Is America Losing the Clean Energy Race?
Is the United States losing to countries like China in the global race to develop clean-energy technologies?
One top House Republican, Cliff Stearns of Florida, suggested that America has already lost. He told NPR earlier this month, “We can’t compete with China to make solar energy panels and wind turbines.” Last week, a coalition of U.S.-based solar power manufacturers filed official complaints with the Obama administration and the International Trade Commission alleging that China is illegally subsidizing renewable-energy products and effectively gutting America’s solar-energy industry.
The downfall of Solyndra, the federally backed solar manufacturer that is now at the heart of an FBI investigation and a congressional probe led by Stearns, has thrust to the forefront a debate over America’s place in the global clean-energy race. Energy analysts say Solyndra’s photovoltaic solar panels, which did not use silicon, could not compete with cheap silicon panels from China.
Is Stearns right when he says the United States can’t compete with China on wind energy and solar power technologies? What can Congress and the Obama administration do to spur development of domestic clean energies? What should the private sector do? How have things changed since we last asked this question in August 2010?
The U.S. is very emphatically NOT losing to China in wind power. However, we are rapidly approaching a fork in the road, where decisions Congress makes will determine whether the enormous progress America has made in building a domestic industry continues or is rolled back.
The numbers tell the story:
– Wind farm installations in the U.S. increased more than tenfold over the past decade, from a total of 2,650 megawatts (MW) at the end of 2000 to 40,181 MW (enough to power the equivalent of 10 million homes) 10 years later.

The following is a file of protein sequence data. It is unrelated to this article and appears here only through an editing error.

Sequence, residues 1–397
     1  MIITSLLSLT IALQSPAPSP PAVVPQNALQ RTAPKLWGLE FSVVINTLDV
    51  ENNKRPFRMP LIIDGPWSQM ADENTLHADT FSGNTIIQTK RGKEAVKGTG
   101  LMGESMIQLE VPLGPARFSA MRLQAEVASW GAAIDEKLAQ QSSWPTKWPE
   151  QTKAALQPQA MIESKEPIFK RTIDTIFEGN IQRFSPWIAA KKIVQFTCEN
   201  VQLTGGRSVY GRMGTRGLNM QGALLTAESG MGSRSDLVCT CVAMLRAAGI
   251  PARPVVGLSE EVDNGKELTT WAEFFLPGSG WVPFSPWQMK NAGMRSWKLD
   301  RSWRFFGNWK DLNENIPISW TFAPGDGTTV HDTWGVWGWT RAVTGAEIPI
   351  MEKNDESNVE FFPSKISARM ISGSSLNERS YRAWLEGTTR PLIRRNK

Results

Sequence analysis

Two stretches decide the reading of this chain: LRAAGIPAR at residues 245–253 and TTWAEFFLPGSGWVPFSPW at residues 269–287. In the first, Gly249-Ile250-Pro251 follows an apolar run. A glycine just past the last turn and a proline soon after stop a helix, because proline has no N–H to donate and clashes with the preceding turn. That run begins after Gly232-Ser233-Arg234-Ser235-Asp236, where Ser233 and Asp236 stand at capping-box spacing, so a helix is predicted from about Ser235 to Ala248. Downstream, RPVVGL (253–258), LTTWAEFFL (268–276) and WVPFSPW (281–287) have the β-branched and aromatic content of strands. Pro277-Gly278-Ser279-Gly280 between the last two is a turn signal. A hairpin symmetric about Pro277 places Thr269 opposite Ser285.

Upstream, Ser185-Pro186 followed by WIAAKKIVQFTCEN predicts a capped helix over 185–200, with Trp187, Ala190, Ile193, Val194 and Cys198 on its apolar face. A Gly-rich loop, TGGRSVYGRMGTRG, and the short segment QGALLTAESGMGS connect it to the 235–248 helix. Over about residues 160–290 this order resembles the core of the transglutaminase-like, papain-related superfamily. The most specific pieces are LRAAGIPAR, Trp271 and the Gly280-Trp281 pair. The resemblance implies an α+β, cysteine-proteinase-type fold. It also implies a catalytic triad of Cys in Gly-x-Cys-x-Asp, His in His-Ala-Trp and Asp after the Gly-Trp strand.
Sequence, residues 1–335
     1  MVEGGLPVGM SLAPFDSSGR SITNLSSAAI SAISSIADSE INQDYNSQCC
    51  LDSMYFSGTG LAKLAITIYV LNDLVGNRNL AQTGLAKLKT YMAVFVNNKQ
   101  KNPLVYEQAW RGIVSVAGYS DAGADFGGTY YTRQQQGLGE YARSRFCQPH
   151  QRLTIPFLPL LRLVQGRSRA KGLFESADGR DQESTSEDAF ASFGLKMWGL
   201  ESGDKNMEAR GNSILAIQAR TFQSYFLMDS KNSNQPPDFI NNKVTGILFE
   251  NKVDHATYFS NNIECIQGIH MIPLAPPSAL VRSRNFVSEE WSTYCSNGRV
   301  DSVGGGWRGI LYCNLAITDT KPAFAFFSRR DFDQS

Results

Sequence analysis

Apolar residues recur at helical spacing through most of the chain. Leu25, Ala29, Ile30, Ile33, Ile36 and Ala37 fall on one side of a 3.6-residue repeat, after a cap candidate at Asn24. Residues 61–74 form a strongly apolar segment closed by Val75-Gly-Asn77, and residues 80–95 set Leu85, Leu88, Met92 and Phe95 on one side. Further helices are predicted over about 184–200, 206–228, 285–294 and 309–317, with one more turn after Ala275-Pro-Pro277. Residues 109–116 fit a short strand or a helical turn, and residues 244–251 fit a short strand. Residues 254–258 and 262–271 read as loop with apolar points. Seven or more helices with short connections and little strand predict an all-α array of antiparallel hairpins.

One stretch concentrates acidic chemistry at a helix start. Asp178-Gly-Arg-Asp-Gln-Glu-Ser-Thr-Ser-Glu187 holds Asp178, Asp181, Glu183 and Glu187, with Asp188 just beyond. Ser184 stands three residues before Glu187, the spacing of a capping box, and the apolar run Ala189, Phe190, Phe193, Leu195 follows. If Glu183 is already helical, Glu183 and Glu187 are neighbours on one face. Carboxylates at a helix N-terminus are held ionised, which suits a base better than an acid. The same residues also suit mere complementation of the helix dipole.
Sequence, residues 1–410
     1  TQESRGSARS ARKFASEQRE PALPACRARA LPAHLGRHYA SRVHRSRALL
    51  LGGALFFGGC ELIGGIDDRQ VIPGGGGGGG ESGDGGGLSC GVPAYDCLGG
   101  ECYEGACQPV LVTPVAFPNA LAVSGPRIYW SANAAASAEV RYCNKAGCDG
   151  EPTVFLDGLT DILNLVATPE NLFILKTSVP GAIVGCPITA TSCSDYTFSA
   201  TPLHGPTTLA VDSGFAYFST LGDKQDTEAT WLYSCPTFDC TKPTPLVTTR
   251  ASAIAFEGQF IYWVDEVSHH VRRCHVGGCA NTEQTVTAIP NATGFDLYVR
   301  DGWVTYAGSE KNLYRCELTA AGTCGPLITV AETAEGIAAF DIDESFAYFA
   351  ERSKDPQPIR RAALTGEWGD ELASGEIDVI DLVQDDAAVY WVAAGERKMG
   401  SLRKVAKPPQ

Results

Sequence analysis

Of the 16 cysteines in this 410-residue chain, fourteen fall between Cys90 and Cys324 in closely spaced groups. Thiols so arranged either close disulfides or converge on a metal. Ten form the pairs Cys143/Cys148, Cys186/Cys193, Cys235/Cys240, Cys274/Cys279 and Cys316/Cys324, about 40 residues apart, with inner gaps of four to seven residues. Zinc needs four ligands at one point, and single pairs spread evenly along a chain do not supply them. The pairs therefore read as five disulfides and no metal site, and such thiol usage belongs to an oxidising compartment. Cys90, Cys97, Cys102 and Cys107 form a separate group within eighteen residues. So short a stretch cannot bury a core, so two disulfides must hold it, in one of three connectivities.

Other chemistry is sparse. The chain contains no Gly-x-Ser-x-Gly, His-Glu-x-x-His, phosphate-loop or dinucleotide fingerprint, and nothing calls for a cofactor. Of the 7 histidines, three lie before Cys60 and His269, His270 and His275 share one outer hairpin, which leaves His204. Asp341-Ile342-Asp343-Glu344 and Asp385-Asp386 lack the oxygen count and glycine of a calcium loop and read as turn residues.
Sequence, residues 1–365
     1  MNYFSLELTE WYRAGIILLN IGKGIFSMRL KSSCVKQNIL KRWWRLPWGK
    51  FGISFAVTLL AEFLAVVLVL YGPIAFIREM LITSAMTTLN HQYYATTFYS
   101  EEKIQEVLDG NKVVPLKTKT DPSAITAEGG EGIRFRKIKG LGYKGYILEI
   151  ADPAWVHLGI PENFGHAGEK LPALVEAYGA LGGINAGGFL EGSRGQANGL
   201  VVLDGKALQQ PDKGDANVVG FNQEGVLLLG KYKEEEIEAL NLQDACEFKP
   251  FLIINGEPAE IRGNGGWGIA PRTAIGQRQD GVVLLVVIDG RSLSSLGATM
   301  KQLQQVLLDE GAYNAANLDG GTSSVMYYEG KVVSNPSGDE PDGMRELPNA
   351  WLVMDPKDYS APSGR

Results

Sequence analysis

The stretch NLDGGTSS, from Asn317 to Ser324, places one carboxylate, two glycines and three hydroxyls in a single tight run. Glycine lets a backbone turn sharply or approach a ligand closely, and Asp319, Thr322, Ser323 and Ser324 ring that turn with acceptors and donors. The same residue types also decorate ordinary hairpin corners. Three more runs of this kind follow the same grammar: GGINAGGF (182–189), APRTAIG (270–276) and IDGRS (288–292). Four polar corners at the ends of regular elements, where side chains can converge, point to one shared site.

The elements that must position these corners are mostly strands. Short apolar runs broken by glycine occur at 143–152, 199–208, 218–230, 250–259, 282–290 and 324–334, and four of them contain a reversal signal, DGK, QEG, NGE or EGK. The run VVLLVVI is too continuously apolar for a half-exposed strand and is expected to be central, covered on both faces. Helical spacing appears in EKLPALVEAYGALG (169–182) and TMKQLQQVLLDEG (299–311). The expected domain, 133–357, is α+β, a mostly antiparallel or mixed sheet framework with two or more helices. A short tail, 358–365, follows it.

– In recent years, wind power has muscled its way into the electric power mainstream. Wind energy’s cost has been reduced over 90% since 1980, driven by a continuing stream of game-changing technology advances. Utilities are increasingly choosing to rely on wind, recognizing its ability to guarantee low electricity rates for the long term. In fact, wind power has provided 35 percent of all new electric capacity installed in America over the past four years, more than coal and nuclear combined.
– Even as domestic installations of wind turbines were expanding dramatically, the domestic content of those turbines grew even faster–from 25 percent prior to 2005 to 60 percent today. As the nonpartisan Congressional Research Service (CRS) recently found, American wind manufacturing facilities have kept pace, growing from as few as 30 in 2004 to nearly 400 in 2010. Overall, wind energy supports between 2,000 to 3,000 jobs in Rep. Stearns’s Florida and 75,000 across the U.S. As the CRS commented, “Wind turbine manufacturing is at the core of the multifaceted wind power industry. Because of the use of castings, forgings, and machining, turbine manufacturing is a significant contributor to U.S. heavy manufacturing.”
The bottom line? Clean, homegrown American wind energy is not only a manufacturing market that America can compete in, it’s a market that we are winning – with the support of a key federal tax incentive.
The federal wind Production Tax Credit, wind power’s primary incentive, has been allowed to expire periodically since its inception in 1992, creating a boom-bust cycle. When taxes on the industry have increased, wind energy installations have dropped as much as 93%. Extending the PTC will help wind power become increasingly cost-competitive and keep generating badly needed income and taxes for rural communities. Imposing a substantial tax increase on wind will roll back the progress America has made in diversifying our electricity generation portfolio with this clean, affordable, homegrown energy source.
By Denise Bode, AWEA CEO, www.awea.org/blog/